How does a mass fatality response plan relate to other homeland security plans and how can it be integrated into those plans?
All jurisdictions are required to develop comprehensive, all-hazard emergency management plans. Such plans outline how local jurisdictions will work with other organizations, including non-governmental organizations and state and federal agencies to provide an effective, coordinated response. Mass fatality response planning is integrated into a broad array of emergency management, law enforcement and public health planning processes. This planning provides the basis for the training and exercise that facilitate such a response.

How will jurisdictions be able to use the developed plan after it is finished? And how can further help those jurisdictions prepare?
CAPCOG is taking a two-pronged approach to mass fatality response planning. The most visible product of this effort will be written plans, guidelines and templates that can be modified by local jurisdictions to meet their particular needs. More important, however, is the opportunity to engage in a process of identifying the issues that will be encountered in a response to a mass fatality incident and to work with other personnel to formulate approaches to dealing with those issues. Our approach focuses on incorporating the unique considerations of mass fatality response into the jurisdiction’s incident command structure, including ensuring that medico-legal authorities continue their statutory oversight of fatality incidents, and incorporating the application of “best practices” to the mass fatality response.

> Discover more about CAPCOG's Homeland Security Divison.

Travis County Judge receives CAPCOG regionalism award

Friday, December 19, 2014

Travis County Judge Samuel T. Biscoe received the Jack Griesenbeck Award from the Capital Area Council of Governments (CAPCOG) honoring his longtime dedication to regionalism and service to CAPCOG’s 10-county district.

Named after Bastrop County Judge Jack Griesenbeck, who was CAPCOG’s first chairman, the award recognizes a person who consistently advocates a regional and multijurisdictional approach through their work with local governments, nonprofits and other organization.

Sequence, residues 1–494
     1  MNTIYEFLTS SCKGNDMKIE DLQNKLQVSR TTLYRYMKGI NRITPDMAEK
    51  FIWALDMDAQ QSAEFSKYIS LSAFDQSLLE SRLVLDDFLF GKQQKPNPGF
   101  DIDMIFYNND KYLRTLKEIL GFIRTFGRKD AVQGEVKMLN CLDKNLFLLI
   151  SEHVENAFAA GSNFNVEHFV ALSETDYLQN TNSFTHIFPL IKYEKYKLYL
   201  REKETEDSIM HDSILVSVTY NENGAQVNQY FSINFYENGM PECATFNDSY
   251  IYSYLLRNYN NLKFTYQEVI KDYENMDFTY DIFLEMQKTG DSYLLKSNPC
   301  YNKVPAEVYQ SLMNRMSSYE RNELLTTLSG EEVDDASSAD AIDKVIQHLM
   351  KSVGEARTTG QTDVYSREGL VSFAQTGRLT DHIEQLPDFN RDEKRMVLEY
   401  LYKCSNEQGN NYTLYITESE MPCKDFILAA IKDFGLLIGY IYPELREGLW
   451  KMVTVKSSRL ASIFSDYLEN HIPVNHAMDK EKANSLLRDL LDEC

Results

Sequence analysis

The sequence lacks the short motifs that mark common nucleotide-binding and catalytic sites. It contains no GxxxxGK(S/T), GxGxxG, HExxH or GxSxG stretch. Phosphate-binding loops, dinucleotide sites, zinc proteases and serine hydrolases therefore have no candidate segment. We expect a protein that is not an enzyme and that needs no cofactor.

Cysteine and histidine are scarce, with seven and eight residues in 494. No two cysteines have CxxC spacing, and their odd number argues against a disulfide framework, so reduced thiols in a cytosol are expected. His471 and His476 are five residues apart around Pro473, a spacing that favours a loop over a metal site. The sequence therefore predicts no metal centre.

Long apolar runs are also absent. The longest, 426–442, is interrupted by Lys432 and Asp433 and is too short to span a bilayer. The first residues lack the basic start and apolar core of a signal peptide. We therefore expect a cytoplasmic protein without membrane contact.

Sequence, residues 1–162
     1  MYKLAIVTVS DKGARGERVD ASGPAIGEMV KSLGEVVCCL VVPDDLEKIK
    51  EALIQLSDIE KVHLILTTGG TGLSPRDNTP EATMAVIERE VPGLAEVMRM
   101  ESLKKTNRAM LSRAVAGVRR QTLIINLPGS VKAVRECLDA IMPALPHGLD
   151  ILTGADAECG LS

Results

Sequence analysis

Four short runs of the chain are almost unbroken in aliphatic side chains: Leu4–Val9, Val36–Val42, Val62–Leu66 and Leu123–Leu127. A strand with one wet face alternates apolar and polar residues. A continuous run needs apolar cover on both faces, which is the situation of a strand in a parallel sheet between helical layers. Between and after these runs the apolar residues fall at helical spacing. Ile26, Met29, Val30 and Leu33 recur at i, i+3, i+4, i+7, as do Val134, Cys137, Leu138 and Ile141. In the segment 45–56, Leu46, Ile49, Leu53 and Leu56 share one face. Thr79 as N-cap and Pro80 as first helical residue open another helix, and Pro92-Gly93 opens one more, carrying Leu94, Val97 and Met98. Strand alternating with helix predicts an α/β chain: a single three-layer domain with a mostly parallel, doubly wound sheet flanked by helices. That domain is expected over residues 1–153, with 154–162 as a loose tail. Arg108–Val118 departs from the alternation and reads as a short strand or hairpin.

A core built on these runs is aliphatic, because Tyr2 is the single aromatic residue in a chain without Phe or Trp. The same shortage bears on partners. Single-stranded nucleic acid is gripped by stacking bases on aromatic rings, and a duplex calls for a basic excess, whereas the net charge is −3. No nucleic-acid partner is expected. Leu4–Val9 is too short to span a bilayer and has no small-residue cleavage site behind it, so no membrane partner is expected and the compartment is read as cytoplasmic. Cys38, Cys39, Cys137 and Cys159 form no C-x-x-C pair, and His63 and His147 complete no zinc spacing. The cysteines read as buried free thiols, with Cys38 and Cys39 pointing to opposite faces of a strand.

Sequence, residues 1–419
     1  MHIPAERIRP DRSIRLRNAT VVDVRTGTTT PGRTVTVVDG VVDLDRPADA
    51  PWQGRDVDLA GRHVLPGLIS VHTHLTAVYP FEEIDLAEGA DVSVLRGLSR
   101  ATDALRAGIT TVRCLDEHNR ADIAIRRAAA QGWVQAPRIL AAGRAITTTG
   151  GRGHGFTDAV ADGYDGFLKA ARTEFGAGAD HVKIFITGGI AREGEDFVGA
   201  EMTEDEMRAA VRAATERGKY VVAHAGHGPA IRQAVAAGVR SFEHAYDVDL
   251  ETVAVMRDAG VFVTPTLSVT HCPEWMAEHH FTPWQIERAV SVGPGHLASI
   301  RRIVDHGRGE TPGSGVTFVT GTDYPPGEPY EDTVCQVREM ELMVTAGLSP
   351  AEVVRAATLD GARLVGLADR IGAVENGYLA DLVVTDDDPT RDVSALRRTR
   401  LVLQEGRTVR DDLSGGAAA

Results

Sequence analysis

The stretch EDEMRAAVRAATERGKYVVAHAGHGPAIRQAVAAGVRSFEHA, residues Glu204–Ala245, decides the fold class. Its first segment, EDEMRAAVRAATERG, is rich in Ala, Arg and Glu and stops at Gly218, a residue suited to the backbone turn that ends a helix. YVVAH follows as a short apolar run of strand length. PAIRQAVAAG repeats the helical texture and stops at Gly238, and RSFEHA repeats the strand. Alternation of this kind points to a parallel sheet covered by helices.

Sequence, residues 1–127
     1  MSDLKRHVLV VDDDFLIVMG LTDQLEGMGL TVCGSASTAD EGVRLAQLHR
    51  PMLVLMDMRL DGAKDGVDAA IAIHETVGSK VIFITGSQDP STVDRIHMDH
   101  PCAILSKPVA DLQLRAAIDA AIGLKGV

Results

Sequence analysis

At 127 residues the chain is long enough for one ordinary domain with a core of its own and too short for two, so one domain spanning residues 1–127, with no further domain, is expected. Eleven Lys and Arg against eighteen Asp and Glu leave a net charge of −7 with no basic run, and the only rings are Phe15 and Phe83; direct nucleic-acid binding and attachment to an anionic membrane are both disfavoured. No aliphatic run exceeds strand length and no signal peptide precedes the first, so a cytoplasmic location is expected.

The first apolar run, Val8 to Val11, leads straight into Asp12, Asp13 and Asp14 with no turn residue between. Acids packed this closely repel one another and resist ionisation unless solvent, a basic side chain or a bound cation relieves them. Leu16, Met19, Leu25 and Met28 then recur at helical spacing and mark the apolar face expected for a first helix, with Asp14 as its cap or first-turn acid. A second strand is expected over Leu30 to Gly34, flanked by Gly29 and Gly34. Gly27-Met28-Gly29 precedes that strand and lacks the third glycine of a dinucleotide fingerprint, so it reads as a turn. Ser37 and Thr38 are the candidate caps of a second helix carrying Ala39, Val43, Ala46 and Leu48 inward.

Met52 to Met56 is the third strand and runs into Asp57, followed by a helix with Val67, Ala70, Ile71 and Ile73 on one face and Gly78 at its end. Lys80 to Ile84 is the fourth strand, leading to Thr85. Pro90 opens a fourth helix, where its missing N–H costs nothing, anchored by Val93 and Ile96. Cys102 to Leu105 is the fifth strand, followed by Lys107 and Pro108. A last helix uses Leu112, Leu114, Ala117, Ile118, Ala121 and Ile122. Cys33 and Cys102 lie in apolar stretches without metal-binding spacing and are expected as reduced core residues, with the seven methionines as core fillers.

Biscoe has done that by serving numerous years on the CAPCOG Executive Committee and serving as the Central Texas Clean Air Coalition’s chairman for the last five years. Biscoe has led the coalition and its other elected officials by consistently addressing issues through a regional lens which is necessary for air quality. With Biscoe’s leadership, the cities and counties have worked hard together taking fairly vigorous actions to keep the region out of the Environmental Protection Agency’s nonattainment air quality status.

Biscoe has been a part of the CAPCOG Executive Committee since he was first elected as a Travis County Commissioner in 1989. He served as the CAPCOG Executive Committee chairman and became the Clean Air Coalition chairman in 2009.

Through his work with both CAPCOG committees, Biscoe has more than proved a commitment to regionalism.

CAPCOG has honored individuals with this award for more than 10 years.

CAPCOG Executive Director Betty Voights presents Travis County Judge Samuel T. Biscoe with CAPCOG's Jack Griesenbeck Award. 

> Read about the previous Jack Griesenbeck Award winner.
> Find out more about the CAPCOG Executive Committee.
> Discover the Central Texas Clean Air Coalition.
 

Hays County Commissioner honored for service to transportation

Friday, December 19, 2014

Hays County Commissioner, Will Conley, received the Texas Department of Transportation Road Hand award, a prestigious tradition acknowledging those who have made improvements to transportation in their communities.

Commissioner Conley has been a major player in planning viable transportation projects in the region. He has made a difference by serving as chairman on the Capitol Area Regional Transportation Planning Organization and the Capital Area Metropolitan Planning Organization, as well as through his work in Hays County to make safety improvements to roadways and establish transportation plans to prevent future traffic congestion.

“Commissioner Conley, along with other leaders in Hays County, faces the challenge of planning transportation in one of the fastest growing counties in the state,” said Greg Malatek, Austin District Engineer. “He has devoted time and effort to improving TxDOT and the way the agency does business. His enthusiasm, leadership, and dedicated public service are invaluable and appreciated.”

The Road Hand Award was created in 1973 by former State Highway Engineer Luther DeBerry. He recognized that TxDOT owes a great deal to its many friends and supporters for their efforts to make the Texas highway program the best in the world. The award is the highest tribute to citizens who freely give their time, energy, and vision to champion transportation projects in Texas.

“It was a surprise and honor to receive the State's highest recognition for a local official in transportation,” Conley said. “Thank you to the citizens of Precinct 3, Hays County Commissioner's Court, and my colleagues across the region for giving me the opportunity to work on this important issue for our community and State.”

> Discover more on the Capital Area Regional Transportation Planning Organization.

Law enforcement academy teaches a lifelong career

Wednesday, December 17, 2014